Monday, 1 December 2014

Immigration: aiming at the wrong target

We never seem to stop talking about immigration these days. And yet the real problem we face isn’t immigration – it’s precisely all that talk about it. Or more generally, the someone-else-to-blame mentality that lies behind all the hot air and bad temper.

Anti-Immigration: it's all the rage
Even among people descended from immigrants
One of the more remarkable women I know of was Emilie du Châtelet. She became a champion, in the eighteenth century, of what the best recent student of her life, calls “feminine ambition”: she forced the scientific world to take her seriously, publishing extensively on physics, including a translation of Newton’s Principia which she raced to complete before her premonition of death was verified.

She had a servant called Sébastien Longchamp, who would ultimately be dismissed from the household she shared at the time with Voltaire. Decades later, after his own death and even that of the man who published them, Longchamp’s Memoirs of his time with the illustrious couple appeared. One has to question the reliability of such a source; even so, there are some stories he tells in his ‘what the Bulter saw’ document, that ring true.

He tells, for example, of a summons to her bathroom, to fetch more hot water from the fireplace and pour it into the bath. As he came to edge, he realised that she was entirely naked, and the water completely transparent. To avoid being scalded, she parted her legs so that he could pour the water safely away from them. When he tried to do so with his eyes averted, she admonished him for getting the hot water too close to her body, so he was obliged to watch what he was doing and therefore view her naked.

Mme du Châtelet was by no means promiscuous. She would certainly not have appeared naked before a man. But that precisely is the point: Longchamp was not a man. He was a servant, and to a noble such as Emilie, that is less than a man. There was no need for modesty before him.

An outspoken champion of rights – hers at least – against the stubborn conservatism of her time could harbour such views. That may make it less surprising that men who took their commitment to freedom and equality so far as to engage in armed rebellion against British rule in North America, could nonetheless condone slavery. There’s no doubt that men like Thomas Jefferson were made uneasy about keeping slaves, but not enough to free them, at least in their own lifetimes.

Surely the answer is that they didn’t see their slaves as truly men or women (they certainly saw them as women in some measure: Jefferson fathered several children on one). Like Longchamp, the slaves were lesser humans, different enough from the masters to warrant denying them their liberty.

Now fast forward two and a half centuries.

We live in a world that is more unequal than at any time since the end of the Second World War. In England, 1.4 million people have an annual income of under £6000 a year; 6000 have an income over £1 million. On their own, the income of each of those super-rich is worth over 150 times that of the people at the bottom. And there many hundreds of people who take many more times still that lowest level.

With that excess money, they can fund politicians and buy them. They can threaten to move their wealth elsewhere to get their way. They have in particular bought the British Tory Party, and are now buying UKIP; it is no accident that while their earnings have grown over the last four years, those of the poorest have fallen still further.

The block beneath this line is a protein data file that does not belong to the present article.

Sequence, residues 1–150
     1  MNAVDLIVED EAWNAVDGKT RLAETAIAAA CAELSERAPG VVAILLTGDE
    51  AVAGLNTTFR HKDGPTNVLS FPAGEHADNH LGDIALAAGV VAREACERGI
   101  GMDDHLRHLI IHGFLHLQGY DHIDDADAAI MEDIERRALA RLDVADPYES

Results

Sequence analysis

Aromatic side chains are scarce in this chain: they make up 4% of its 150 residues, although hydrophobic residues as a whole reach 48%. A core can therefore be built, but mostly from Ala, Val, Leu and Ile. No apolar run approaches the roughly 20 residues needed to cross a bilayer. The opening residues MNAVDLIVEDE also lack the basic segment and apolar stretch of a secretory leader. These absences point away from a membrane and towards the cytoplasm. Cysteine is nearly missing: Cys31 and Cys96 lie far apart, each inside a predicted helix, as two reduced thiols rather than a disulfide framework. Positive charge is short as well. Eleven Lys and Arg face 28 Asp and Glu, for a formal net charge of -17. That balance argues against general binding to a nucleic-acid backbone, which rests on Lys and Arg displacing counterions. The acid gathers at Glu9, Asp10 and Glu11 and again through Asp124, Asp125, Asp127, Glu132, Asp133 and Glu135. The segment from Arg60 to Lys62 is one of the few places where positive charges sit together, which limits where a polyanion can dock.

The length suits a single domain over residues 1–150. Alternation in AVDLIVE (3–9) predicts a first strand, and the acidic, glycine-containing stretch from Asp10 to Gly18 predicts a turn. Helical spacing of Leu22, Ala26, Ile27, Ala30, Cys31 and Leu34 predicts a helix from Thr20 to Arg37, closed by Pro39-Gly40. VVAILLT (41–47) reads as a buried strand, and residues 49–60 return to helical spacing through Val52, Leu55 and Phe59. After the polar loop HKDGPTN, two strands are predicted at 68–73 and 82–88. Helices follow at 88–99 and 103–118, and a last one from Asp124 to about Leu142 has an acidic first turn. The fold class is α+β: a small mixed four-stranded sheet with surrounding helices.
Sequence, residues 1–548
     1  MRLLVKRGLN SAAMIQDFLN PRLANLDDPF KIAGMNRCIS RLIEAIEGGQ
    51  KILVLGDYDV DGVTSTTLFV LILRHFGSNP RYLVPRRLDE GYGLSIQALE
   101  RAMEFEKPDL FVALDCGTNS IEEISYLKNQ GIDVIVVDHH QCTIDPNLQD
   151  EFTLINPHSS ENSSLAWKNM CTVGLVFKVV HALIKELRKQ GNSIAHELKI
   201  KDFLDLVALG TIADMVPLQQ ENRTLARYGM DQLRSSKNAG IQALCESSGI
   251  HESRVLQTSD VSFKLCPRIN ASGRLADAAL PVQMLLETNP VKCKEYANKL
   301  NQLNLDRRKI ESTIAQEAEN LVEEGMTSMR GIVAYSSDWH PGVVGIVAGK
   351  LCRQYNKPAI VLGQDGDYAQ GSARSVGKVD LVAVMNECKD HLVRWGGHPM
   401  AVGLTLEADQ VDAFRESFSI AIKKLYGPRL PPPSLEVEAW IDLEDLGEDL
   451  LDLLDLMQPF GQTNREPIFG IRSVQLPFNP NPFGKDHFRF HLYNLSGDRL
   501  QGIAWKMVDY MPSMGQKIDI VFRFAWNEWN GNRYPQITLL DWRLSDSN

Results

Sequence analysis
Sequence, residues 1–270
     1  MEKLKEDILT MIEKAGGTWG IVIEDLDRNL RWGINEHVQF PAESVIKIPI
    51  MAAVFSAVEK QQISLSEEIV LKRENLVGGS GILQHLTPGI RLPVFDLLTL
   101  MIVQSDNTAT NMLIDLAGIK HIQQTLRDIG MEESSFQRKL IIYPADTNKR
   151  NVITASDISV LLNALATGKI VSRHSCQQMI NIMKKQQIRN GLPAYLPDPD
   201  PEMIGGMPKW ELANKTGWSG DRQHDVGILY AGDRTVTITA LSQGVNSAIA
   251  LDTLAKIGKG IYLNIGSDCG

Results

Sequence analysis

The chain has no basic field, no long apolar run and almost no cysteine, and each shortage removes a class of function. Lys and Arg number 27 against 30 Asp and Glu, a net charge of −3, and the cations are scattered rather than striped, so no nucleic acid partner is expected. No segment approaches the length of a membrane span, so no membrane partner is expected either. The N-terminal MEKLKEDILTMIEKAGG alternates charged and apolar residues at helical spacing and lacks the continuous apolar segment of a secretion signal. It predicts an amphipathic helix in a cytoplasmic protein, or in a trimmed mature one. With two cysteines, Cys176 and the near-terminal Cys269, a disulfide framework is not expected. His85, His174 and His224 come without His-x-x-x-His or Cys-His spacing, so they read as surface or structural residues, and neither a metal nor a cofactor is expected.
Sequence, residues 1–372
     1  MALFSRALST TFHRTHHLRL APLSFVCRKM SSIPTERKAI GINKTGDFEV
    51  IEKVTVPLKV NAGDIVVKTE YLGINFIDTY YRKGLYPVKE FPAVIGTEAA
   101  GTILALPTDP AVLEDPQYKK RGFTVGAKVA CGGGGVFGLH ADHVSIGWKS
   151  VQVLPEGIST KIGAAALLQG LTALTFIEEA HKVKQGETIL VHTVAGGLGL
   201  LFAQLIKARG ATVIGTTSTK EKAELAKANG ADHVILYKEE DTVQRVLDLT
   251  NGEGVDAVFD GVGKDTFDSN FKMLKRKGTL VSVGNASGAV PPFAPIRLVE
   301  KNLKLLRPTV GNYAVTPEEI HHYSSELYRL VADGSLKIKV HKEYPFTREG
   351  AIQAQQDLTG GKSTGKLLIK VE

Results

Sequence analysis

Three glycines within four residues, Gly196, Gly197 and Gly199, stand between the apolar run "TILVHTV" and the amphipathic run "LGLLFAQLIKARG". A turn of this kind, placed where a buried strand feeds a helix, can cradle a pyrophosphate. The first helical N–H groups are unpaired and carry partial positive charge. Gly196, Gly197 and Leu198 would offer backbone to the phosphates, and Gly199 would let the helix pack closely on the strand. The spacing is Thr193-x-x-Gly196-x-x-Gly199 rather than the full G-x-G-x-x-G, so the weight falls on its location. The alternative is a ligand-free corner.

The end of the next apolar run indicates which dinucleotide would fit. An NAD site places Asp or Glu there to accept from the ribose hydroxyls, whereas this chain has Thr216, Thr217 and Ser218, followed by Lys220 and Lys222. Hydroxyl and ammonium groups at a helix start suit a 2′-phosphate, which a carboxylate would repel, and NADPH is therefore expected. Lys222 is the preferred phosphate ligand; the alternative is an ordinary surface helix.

The people who take that money and exercise that power know they deserve it. They know they are exceptional. They excel those who have, and receive, less. In other words they know themselves to be superior. The rest of us may be human, but we are a lesser kind of human. 

 There are 6000 of them which, funnily enough, was the size of the French aristocracy in the eighteenth century too. Like them, their position is based entirely on wealth. It’s no surprise that they preserve and maintain the same attitudes.

There are so many more of us. And we have votes. Why don’t we put an end to their domination?

Because instead of opposing them, we aspire to be like them. We protect the rights of the wealthy in the hope that some day we’ll join their ranks, and enjoy that protection.

However, since we certainly don’t want to blame ourselves for our troubles, we have to find someone else to blame. How about immigrants? There are relatively small numbers, they’re relatively easy to spot, and it’s easy to come up with some kind of justification based on our being the true possessors of this land while they are interlopers in it. Though the English took the country from the Celts, as did the French, and the Americans took it from the Natives who were there before them.

That’s the trap that UKIP or the Tea Party or the Front National in France lure us into. Blame the other, the foreigner, the alien. The lesser human.

The death of Michael Brown in Ferguson, and above all the fact that his killer has avoided any kind of justice, shows how those ideas are as strong today as they ever were. American Blacks may not be slaves, but who can say that Whites regard their lives as equally valuable?

Here one in six of our voters rally to the xenophobes of UKIP, and a higher still proportion of French voters flock to the Islamophobic Marine Le Pen. So we talk endlessly about the perils of immigration and do nothing about those who steal the bread from our mouths.

What of those people, the ones who really run the show and cause our problems? 

They’re laughing at the lot of us. All the way to the bank.


Faith A. Colburn said...

You are exactly right, David. The irony of the cartoon illustration just saddens me.

David Beeson said...

Sadly true, Faith